Thursday, May 16, 2013

Federal Judge Leaves Constitutional Question Involving Colorado Foreclosure Laws Open While Formally Halting Homeowner's Foreclosure Sale

In Denver, Colorado, The Denver Post reports:
  • A federal judge Tuesday formally stopped the foreclosure auction of an Aurora woman's house, leaving unanswered whether he can determine whether a part of Colorado's foreclosure laws is unconstitutional.

    While U.S. District Judge William J. Martínez's order enjoins U.S. Bank, the trustee on Lisa Kay Brumfiel's mortgage, from seeking a public-trustee foreclosure, it doesn't stop the bank from pursuing her house the old-fashioned way — via a lawsuit in state court.
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  • Although U.S. Bank said it would never again seek a public-trustee foreclosure against Brumfiel's house — essentially rendering her federal lawsuit mootMartínez did not dismiss her complaint outright, because the state judge hasn't ruled yet.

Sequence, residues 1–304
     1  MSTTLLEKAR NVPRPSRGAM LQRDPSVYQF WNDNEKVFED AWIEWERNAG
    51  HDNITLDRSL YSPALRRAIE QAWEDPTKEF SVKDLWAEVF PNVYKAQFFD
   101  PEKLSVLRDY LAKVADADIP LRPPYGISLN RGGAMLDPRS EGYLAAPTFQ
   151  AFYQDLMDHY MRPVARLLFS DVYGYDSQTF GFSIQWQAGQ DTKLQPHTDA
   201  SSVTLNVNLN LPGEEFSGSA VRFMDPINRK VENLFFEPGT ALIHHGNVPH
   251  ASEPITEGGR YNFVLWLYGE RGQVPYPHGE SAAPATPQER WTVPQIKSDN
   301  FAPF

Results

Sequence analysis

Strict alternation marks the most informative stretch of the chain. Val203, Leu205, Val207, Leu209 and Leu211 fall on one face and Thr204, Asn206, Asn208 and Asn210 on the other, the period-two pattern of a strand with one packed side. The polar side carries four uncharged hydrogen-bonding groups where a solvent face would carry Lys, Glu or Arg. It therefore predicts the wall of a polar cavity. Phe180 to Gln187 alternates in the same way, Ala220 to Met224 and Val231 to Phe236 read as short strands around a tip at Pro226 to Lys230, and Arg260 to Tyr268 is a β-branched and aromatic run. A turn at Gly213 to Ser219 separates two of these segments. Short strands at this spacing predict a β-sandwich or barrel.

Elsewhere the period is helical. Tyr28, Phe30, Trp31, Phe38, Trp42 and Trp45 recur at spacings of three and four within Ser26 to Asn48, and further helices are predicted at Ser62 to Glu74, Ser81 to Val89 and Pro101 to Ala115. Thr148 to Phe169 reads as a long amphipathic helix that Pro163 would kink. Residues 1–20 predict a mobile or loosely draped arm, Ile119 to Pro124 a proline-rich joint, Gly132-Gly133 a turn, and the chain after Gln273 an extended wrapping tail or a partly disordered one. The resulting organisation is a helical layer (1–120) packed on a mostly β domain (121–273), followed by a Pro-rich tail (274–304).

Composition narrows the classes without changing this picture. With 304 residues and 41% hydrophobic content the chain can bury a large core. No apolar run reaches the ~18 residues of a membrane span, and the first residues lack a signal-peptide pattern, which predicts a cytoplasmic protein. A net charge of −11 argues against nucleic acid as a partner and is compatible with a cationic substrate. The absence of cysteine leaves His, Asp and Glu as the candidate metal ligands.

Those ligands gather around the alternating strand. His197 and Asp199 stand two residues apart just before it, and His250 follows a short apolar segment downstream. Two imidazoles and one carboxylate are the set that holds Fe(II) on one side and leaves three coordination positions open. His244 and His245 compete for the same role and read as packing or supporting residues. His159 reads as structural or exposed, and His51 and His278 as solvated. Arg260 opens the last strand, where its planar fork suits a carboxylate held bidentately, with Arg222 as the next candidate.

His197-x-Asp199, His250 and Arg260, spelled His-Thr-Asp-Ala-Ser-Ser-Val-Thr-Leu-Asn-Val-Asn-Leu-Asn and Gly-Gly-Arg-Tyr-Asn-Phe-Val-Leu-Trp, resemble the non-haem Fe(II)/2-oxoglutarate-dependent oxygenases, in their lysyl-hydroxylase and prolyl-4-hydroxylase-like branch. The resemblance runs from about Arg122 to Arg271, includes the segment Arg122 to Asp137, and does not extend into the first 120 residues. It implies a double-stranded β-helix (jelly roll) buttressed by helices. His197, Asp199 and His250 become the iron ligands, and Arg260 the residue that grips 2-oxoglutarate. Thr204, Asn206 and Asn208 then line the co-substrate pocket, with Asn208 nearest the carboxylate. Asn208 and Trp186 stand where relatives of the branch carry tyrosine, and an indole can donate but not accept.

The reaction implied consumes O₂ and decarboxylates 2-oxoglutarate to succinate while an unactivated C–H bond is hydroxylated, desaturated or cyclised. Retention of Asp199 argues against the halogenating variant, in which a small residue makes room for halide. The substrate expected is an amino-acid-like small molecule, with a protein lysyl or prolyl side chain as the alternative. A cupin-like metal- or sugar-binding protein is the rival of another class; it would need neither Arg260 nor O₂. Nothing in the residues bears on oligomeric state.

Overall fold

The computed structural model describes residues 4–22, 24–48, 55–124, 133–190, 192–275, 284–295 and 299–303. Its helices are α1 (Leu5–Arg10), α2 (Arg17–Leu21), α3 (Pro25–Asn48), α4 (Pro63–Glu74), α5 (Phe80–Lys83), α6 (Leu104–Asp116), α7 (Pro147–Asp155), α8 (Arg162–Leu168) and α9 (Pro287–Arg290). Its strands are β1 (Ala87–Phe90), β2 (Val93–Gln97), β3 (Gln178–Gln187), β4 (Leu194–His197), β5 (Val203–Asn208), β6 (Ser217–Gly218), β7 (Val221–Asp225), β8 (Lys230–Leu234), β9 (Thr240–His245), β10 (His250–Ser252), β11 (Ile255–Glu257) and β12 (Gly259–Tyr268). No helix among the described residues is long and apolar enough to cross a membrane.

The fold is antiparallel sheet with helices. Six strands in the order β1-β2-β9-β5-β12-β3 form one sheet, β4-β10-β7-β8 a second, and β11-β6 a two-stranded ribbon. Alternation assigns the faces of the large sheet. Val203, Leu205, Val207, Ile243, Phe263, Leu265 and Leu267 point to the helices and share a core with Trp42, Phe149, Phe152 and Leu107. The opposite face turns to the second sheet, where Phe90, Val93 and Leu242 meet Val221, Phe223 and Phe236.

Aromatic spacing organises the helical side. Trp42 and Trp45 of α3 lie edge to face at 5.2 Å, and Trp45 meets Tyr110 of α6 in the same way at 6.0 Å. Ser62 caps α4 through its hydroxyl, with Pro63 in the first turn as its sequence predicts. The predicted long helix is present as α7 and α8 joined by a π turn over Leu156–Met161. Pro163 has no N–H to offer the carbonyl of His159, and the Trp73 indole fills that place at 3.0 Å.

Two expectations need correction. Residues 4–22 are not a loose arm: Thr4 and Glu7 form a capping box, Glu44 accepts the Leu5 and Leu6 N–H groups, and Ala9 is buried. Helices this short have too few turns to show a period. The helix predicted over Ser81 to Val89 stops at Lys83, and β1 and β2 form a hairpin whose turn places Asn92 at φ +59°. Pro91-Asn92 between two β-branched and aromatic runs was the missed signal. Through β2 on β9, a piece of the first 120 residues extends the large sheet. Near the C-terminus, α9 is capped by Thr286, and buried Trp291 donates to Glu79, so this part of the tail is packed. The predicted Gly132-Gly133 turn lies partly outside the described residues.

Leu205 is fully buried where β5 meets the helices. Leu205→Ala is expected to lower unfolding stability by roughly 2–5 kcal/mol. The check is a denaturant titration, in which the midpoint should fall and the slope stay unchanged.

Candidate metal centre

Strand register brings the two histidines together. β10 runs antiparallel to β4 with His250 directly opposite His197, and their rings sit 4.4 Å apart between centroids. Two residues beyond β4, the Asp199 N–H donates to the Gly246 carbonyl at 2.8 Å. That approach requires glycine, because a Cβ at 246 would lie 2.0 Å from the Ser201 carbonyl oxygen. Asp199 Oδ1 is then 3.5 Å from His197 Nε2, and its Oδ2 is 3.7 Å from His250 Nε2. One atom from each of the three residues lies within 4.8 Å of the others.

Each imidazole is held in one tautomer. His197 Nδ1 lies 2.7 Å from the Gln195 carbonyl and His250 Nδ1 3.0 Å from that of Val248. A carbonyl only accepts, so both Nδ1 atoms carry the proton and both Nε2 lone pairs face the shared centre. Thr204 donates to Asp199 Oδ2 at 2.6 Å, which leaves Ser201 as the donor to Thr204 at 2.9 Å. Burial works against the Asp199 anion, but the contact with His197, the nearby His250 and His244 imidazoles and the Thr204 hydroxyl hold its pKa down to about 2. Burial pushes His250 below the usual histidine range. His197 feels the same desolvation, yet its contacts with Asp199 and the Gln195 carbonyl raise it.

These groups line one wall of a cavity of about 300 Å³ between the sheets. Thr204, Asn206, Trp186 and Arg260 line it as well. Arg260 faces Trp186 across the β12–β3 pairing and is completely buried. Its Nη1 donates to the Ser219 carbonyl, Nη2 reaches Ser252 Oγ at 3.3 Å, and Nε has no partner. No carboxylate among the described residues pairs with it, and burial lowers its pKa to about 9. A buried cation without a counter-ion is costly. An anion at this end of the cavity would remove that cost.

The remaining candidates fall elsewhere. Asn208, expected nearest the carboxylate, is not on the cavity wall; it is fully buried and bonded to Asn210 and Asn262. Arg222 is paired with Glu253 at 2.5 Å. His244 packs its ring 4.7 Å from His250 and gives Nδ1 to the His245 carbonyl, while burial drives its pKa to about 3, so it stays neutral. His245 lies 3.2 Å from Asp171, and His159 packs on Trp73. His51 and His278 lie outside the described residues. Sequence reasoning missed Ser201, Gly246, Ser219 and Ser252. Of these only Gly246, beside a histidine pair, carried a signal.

That means the question of whether Brumfiel's constitutional right to due process — guaranteed by the 14th Amendment — is violated remains on the table for now. But that can change.

    Martínez also allowed two advocacy groups — the Colorado Center on Law and Policy and the Colorado Progressive Coalition — to file briefs regarding the constitutionality issue.

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